# Finding $i$ such that $\sum_{j=0}^i\binom{n}{j}\left(1-\frac1k\right)^j\left(\frac1k\right)^{n-j}\approx\frac1k$

Let $n,k$ be positive integers. From the binomial theorem, we know that

$$\left(\frac{1}{k}\right)^n+n\left(1-\frac1k\right)\left(\frac1k\right)^{n-1}+\binom{n}{2}\left(1-\frac1k\right)^2\left(\frac1k\right)^{n-2}+\cdots+\left(1-\frac1k\right)^n=1$$

For what $i$ (in terms of $n,k$) is it true that the sum of the first $i$ terms is approximately $\frac1k$? In other words, for what $i$ is it that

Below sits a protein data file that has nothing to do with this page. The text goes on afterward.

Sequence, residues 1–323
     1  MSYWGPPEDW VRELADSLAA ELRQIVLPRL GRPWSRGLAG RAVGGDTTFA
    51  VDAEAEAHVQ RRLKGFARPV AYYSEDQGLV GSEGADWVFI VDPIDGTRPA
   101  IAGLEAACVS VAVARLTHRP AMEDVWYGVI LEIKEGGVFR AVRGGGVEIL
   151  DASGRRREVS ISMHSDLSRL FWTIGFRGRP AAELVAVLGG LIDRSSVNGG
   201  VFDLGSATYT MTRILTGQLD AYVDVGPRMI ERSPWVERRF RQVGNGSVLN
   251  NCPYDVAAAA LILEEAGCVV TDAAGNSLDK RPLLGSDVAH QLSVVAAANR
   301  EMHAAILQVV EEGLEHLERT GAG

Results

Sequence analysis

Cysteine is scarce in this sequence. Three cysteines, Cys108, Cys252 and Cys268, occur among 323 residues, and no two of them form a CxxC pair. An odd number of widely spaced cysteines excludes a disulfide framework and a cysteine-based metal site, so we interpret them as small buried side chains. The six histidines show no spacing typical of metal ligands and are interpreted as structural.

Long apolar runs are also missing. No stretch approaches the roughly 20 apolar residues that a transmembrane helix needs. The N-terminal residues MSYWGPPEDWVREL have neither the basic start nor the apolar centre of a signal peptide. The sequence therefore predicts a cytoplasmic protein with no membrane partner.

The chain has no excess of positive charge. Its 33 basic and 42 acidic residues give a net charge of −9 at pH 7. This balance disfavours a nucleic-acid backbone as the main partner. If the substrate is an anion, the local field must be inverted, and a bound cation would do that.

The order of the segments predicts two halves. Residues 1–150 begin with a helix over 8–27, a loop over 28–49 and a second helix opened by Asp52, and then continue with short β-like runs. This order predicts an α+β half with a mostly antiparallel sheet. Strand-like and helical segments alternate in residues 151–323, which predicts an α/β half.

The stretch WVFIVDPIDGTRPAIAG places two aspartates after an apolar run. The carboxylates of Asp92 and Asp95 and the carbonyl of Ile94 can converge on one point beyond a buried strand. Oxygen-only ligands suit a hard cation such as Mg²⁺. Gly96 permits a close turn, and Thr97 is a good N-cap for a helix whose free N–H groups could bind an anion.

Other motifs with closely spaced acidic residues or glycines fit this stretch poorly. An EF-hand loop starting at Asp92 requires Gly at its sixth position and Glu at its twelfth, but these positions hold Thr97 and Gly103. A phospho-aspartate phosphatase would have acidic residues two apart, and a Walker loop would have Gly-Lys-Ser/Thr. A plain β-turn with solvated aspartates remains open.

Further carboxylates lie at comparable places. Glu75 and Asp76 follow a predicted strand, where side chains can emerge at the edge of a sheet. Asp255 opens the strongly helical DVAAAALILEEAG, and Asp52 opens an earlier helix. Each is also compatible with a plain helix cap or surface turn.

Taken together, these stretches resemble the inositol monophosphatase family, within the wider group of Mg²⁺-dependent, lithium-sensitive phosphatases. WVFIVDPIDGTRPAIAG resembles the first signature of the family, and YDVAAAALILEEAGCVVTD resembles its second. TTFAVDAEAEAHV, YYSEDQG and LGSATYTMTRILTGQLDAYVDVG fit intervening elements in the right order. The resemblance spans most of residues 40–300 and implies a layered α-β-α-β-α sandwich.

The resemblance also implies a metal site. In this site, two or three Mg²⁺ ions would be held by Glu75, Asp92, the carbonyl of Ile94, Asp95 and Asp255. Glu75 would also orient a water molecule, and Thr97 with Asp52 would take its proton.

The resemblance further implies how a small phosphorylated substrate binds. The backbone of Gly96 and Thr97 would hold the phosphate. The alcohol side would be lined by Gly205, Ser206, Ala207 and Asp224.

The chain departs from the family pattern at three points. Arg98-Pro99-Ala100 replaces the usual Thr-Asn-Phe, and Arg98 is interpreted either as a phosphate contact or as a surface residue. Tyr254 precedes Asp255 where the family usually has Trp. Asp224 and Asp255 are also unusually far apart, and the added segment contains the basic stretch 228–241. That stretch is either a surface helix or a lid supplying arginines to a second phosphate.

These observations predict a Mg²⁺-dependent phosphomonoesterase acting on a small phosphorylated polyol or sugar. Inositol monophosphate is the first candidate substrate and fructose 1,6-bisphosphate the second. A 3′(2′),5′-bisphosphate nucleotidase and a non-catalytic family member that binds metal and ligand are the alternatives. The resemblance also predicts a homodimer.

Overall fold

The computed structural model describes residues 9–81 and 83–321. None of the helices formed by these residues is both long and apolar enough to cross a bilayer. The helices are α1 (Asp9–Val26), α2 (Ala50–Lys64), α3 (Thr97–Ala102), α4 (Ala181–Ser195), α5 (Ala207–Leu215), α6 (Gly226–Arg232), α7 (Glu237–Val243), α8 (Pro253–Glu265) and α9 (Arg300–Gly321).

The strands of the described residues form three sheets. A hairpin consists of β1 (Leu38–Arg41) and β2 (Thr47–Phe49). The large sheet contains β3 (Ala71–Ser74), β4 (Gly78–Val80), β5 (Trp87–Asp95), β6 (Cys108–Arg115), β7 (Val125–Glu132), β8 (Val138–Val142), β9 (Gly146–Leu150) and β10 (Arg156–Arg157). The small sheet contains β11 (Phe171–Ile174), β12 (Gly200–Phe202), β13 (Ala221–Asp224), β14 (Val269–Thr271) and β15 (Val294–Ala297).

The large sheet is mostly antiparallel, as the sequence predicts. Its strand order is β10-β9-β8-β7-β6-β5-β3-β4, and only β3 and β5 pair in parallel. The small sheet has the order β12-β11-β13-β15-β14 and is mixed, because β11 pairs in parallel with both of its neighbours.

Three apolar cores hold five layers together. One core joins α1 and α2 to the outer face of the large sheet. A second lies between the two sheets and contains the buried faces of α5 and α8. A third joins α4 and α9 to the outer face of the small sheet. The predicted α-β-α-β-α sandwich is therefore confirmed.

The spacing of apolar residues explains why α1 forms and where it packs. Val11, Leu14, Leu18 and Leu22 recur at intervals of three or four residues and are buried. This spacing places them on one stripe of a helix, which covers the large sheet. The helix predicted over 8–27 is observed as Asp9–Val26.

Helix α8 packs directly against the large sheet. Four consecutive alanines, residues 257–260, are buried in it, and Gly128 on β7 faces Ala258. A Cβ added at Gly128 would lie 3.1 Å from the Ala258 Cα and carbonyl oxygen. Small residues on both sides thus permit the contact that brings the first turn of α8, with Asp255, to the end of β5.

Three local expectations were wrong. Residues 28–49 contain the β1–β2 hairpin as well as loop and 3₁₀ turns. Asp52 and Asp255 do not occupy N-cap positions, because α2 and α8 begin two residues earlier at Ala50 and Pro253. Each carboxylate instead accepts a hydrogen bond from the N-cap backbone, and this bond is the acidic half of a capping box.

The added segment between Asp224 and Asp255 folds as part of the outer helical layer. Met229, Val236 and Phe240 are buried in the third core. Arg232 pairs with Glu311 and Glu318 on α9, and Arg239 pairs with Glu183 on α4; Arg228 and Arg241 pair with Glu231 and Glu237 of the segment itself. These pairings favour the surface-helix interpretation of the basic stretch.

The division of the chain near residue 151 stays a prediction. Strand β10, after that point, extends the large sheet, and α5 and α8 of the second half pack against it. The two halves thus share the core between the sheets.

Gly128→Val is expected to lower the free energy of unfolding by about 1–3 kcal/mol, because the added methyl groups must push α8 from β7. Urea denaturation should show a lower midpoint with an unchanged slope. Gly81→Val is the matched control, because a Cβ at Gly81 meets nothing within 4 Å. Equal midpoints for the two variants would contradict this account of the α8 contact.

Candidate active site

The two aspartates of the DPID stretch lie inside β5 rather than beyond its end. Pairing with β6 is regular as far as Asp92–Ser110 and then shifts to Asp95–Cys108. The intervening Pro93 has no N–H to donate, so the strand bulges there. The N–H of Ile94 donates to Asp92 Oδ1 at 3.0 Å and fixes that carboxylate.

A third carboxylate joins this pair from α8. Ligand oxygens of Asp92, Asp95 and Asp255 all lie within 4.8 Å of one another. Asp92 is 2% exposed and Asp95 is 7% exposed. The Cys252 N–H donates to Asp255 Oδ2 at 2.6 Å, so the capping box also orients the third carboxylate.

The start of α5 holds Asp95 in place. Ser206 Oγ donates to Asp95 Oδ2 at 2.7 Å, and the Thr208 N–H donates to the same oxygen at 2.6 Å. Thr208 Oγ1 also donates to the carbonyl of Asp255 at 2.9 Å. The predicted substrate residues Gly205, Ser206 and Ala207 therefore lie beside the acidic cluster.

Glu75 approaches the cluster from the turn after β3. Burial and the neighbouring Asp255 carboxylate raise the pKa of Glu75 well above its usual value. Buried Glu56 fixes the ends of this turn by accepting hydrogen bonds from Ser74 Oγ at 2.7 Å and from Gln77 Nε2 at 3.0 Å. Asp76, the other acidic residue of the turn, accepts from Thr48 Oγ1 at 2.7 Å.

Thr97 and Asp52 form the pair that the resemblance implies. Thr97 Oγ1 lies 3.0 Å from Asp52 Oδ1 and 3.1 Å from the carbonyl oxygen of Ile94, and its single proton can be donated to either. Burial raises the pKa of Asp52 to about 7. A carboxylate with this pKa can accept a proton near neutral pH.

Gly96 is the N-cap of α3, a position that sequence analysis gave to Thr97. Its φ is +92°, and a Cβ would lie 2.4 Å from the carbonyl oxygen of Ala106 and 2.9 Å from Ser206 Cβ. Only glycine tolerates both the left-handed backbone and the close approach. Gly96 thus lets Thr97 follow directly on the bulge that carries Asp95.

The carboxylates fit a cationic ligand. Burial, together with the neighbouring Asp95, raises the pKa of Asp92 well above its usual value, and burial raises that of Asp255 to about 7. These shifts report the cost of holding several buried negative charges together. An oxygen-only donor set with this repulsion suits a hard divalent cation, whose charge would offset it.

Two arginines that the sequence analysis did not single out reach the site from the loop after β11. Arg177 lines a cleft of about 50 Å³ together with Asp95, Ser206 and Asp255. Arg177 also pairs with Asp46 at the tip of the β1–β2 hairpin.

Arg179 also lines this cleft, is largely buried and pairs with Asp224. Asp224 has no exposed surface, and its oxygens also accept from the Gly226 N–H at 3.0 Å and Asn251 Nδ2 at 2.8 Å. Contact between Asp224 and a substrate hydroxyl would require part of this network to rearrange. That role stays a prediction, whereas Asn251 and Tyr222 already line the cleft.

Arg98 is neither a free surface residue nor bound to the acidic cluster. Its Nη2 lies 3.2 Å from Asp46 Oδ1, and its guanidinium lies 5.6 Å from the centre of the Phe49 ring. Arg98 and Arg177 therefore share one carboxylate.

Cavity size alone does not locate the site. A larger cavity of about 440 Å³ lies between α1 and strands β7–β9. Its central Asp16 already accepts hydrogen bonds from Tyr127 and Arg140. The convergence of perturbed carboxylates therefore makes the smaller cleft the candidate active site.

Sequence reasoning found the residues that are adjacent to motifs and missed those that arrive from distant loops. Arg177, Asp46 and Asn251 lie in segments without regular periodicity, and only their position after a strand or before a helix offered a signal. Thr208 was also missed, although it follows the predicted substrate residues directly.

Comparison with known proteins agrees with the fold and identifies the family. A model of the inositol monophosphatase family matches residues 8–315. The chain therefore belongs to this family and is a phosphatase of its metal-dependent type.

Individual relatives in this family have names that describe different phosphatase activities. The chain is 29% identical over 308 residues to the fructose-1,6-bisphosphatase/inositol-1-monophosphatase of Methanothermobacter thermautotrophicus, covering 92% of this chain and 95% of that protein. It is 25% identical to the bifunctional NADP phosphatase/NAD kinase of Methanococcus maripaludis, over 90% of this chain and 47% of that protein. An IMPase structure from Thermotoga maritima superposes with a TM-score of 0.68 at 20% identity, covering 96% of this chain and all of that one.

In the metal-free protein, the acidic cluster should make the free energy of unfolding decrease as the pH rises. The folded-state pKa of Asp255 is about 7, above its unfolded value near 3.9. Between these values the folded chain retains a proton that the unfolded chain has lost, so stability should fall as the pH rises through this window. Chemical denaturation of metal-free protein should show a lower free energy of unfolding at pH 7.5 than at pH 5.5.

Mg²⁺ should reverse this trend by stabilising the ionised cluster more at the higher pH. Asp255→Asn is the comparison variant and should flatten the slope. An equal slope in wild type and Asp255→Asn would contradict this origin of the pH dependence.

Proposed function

$$\sum_{j=0}^i\binom{n}{j}\left(1-\frac1k\right)^j\left(\frac1k\right)^{n-j}\approx\frac1k?$$

I'm not sure how to start with approximating this binomial sum.

If $n$ is large enough, such a distribution can be approximated by a normal distribution and the answer be formulated in terms of $\Phi^{-1}$, i.e. the inverse function of the CDF of a normal distribution.